Friday, August 10, 2018

How Blockchain and IoT is Revolutionising Supply Chain Management

A supply chain is a network between a company and its suppliers to produce and distribute any product and includes all the steps it takes to make the product or service reach to the respective customer. The global market size for supply chain management solutions is estimated to reach $32.4 billion by 2026 at CAGR 11% from 2018. This rapid expansion is attributed to the high demand caused by e-commerce companies to gain a competitive edge in the industry. However,  traditional supply chain management has several limitations such as lack of end to end visibility, poor response times, inefficient model due to multiple intermediaries and etc. Therefore, to maintain a competitive edge, enterprises have to look for advanced and innovative solutions to be incorporated into their supply chain processes. Solutions enabled by technologies such as the internet of things and blockchain is touted to have a promising potential to eliminate such inefficiencies in the supply chain. According to a joint report by DHL and Cisco, IoT is estimated to create $1.9 trillion market alone for supply chain and logistics. This is an enormous impact that proves the disruptive potential of blockchain and IoT.

Supply chain has become increasingly sophisticated, for instance, Amazon manages its supply chain through multiple ways such as maintaining its own warehouse, having partner distribution centers and third-party networks. Despite such sophistication, retail giants like Amazon still struggle with certain issues such as providing last mile connectivity due to reliance on courier companies, visibility of products and accountability as a result of outsourcing certain roles. While such inefficiencies may not be immediately detrimental to large corporates (as they have already established a market dominance), small or medium-sized enterprises cannot afford to have such issues to stay competitive in the market. Essentially, for large and small enterprises alike, the challenges in supply chain management arise due to globalization, changing consumer trends and regulations. Commenting at those issues, Selvam VMS, a supply chain expert and the CEO of an IoT based supply chain startup, says ‘Regardless of the geographical spread, catering to the consumer demand without delay is a critical measure of supply chain success, for this, transparency in the supply chain channels and traceability of inventories becomes a main ingredient for effective and efficient supply chain management’.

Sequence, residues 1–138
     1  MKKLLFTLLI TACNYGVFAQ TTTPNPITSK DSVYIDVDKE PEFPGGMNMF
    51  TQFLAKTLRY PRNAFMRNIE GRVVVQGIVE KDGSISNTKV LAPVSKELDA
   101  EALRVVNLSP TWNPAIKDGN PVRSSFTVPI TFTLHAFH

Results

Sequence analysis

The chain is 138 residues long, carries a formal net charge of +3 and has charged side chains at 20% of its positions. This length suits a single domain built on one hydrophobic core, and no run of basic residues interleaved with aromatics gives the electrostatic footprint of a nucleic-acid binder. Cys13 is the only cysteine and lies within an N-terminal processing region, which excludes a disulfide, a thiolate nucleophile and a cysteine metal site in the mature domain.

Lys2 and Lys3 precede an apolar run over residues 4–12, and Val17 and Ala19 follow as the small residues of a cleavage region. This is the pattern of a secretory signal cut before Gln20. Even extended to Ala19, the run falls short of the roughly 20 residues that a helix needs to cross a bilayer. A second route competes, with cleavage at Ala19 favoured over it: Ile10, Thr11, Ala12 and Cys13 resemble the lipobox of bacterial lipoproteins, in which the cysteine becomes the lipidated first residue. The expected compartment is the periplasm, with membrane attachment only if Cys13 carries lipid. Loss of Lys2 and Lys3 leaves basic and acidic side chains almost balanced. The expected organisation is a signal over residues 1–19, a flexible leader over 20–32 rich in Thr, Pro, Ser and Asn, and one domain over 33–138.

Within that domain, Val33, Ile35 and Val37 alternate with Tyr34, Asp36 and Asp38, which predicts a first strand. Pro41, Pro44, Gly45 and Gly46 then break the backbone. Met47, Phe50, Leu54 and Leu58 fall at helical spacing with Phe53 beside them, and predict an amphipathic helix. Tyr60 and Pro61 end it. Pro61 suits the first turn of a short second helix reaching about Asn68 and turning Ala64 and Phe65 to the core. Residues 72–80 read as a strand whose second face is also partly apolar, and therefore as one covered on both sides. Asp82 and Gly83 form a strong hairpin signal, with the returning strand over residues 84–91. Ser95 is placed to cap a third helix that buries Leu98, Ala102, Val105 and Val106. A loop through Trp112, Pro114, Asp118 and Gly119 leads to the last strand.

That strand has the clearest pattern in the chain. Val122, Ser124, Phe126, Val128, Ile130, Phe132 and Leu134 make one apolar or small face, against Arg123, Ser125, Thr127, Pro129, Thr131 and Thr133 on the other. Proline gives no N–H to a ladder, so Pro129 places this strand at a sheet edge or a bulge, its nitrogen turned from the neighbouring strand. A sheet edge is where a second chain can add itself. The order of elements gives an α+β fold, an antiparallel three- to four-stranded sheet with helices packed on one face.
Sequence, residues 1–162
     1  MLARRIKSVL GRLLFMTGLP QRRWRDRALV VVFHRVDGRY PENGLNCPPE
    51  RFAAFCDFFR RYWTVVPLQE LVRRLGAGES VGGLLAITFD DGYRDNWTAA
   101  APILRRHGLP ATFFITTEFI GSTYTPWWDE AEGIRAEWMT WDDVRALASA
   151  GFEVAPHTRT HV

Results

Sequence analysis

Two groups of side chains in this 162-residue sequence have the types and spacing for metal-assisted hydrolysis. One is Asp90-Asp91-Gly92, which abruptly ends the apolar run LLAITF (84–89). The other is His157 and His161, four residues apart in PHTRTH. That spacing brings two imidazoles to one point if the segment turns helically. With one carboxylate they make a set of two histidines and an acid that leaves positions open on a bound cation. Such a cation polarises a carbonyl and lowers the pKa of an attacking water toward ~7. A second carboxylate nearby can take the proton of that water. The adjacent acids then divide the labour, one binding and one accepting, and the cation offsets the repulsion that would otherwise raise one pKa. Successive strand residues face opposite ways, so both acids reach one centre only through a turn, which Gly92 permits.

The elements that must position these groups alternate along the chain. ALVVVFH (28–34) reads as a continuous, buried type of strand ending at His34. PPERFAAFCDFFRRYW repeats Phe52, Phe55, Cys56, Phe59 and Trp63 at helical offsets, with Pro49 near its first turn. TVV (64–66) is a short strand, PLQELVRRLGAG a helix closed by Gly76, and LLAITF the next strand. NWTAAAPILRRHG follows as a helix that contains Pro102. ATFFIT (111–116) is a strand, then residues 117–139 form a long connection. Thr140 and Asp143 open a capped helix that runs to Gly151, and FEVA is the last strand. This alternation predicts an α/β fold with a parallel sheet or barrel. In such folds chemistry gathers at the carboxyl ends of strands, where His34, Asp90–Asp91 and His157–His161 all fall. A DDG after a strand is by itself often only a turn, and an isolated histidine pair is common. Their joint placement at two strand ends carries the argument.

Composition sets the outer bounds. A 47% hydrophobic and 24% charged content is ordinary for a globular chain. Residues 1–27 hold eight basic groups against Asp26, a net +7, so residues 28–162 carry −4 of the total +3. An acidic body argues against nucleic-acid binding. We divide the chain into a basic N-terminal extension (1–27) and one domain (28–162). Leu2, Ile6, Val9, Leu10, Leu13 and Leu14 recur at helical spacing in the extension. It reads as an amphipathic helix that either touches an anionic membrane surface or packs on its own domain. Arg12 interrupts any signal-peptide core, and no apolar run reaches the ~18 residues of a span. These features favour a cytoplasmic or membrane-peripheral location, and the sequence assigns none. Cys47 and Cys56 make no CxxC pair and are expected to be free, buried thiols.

Therefore, transparency and traceability in the supply chain can be improved by adopting solutions that new technologies offer and to understand the impact they can do in supply chain, a close look at certain challenges in the supply chain is imperative.

Challenges faced by supply chain management

With evolution, many challenges are encountered which restricts the progress of supply chain management in the market.


Globalization is one of the significant factors that will impact the progress of supply chain. There are several issues which globalization presents as a critical challenge say,

  • Firstly, enterprises globally have started manufacturing operations to those countries where the taxes, labor cost and cost of transporting raw materials are lower. Outsourcing practices have extended company’s procurement network. Since the suppliers are spread over various geographical locations, it has complicated the supply chain. Companies need to contact, coordinate, collaborate and deal with the suppliers across borders with respect to manufacturing, logistics and warehousing.  Also, they need to keep in account that the delivery of product/services to consumers must be as per the schedule. Additionally, to maintain and increase efficiency, the company must have a real-time visibility on the production cycle- conversion of raw materials to finished goods.
  • As enterprises expand their sales over countries, localization of existing goods calls for a change in the supply chain as per the culture and preferences. Also having global suppliers increase the complexities of tracking and controlling the chain.